Sonnets and Love Songs
baritone and piano
Instrumentation baritone (or mezzo-soprano), piano
First Performance October 2011, Oxford Lieder Festival, UK; Roderick Williams (baritone), Andrew West (piano)
Commissioned by the Oxford Lieder Festival, with funds from The Fidelio Charitable Trust and the PRS for Music Foundation ‘Women Make Music’
Pessoa embraced the idea that he was composed of multiple beings. He believed that his singular being did not exist. In his poetry he demonstrated this idea by splitting himself into multiple personas and writing from their perspectives. He dubbed them ‘heteronyms’ rather than pseudonyms, since they were not false names but “other names”, belonging to distinct literary personalities. Not only were their styles different; they thought differently, they had different religious and political views, different aesthetic sensibilities, different social temperaments, and each produced a large body of poetry.
In the 1910s Pessoa flourished as a Portuguese poet, whether writing in his own name or in those of his heteronyms: Alberto Caeiro, Álvaro de Campos and Ricardo Reis. But he still nurtured the dream of gaining acclaim for his poems in English. Shakespeare, his literary idol, was the writer he strove to emulate and, if possible, surpass. What so impressed Pessoa, was not only the quality of Shakespeare’s work, but the specific capacity of the Elizabethan poet and playwright to forge personalities. Pessoa defined himself not as a poet but more essentially as a dramatist, in his English sonnets aspiring to reproduce Shakespeare’s “complexity” in a “modern adaptation”. In a certain way, he succeeded. Shakespeare’s 154 sonnets are all about love, whereas Pessoa’s sonnets address a wide range of themes, particularly philosophical ones: appearance vs. reality, the impossibility of truly knowing others or ourselves, the tyranny of time and destiny, and the inscrutable mystery of existence. Though these themes are not especially modern, Pessoa’s treatment of them in the sonnet form was arguably innovative. His English poetry is full of striking moments and takes up the same themes that fascinate us in his Portuguese verses.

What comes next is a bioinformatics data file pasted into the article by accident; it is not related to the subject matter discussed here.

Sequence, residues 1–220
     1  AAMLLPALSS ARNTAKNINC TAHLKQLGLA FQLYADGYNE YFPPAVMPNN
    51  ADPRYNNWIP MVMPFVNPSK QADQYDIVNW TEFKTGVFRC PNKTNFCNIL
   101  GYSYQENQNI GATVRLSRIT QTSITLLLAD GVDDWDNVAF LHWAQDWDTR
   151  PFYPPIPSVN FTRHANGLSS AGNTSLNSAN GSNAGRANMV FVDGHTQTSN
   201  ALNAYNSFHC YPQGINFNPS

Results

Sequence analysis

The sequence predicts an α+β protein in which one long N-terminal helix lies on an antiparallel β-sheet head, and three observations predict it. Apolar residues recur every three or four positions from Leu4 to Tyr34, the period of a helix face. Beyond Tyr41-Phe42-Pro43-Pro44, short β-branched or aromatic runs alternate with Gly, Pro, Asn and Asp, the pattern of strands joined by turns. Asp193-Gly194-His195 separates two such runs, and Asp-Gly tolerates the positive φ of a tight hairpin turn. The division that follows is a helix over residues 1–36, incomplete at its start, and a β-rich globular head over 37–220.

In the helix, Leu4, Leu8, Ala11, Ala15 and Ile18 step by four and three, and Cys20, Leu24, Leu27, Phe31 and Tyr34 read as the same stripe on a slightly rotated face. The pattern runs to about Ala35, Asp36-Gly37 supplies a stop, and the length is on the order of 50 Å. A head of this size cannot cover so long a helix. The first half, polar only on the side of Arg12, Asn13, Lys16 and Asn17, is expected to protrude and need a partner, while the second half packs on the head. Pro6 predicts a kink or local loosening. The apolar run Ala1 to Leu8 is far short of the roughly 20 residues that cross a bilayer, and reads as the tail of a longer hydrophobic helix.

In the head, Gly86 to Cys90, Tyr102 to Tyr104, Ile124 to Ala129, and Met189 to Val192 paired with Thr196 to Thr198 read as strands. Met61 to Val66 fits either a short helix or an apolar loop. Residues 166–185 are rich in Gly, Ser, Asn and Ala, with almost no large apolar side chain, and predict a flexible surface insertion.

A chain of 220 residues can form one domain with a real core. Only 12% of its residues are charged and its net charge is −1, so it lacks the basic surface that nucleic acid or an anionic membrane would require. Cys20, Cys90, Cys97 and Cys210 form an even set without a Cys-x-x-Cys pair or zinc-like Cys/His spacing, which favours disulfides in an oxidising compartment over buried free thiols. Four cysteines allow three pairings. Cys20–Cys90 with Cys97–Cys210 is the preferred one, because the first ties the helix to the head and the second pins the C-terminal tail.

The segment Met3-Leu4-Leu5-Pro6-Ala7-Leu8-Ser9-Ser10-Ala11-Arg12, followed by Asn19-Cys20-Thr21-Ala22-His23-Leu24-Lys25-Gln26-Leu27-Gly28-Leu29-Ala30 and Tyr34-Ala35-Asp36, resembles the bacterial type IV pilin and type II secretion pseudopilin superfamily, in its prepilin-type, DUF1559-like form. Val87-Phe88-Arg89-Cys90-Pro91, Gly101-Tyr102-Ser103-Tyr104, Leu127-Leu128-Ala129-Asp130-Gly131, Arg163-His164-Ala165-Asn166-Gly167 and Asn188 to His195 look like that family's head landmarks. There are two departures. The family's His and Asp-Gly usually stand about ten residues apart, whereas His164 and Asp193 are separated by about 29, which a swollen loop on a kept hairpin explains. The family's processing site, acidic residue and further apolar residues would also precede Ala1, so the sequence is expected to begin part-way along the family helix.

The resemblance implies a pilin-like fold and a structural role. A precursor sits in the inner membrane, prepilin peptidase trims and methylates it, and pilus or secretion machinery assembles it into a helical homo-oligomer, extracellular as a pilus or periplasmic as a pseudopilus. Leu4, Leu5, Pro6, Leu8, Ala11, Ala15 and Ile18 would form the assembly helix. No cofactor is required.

Sonnets and Love Songs consists of six songs, setting three of Pessoa’s 35 Sonnets, one poem from the collection ‘The Mad Fiddler’, and two English poems by the heteronym ‘Alexander Search’. The Sonnets in this collection are about life: innocence, turmoil and strength – someone trying to understand or make sense of the world perhaps. Two of the poems (Hidden & Silent Streams) are about love, although they aren’t huge proclamations of love but rather one trying to express how he feels. A Temple stands out as the darkest poem in the collection and reflects on one’s fears (perhaps around love), describing the ‘temple’ he builds around himself for protection. The piece uses this collection of poems to form a journey: from naivety, through turmoil where one might hide from the truth, an expression of love, to eventual strength, freedom perhaps (from the inner turmoil).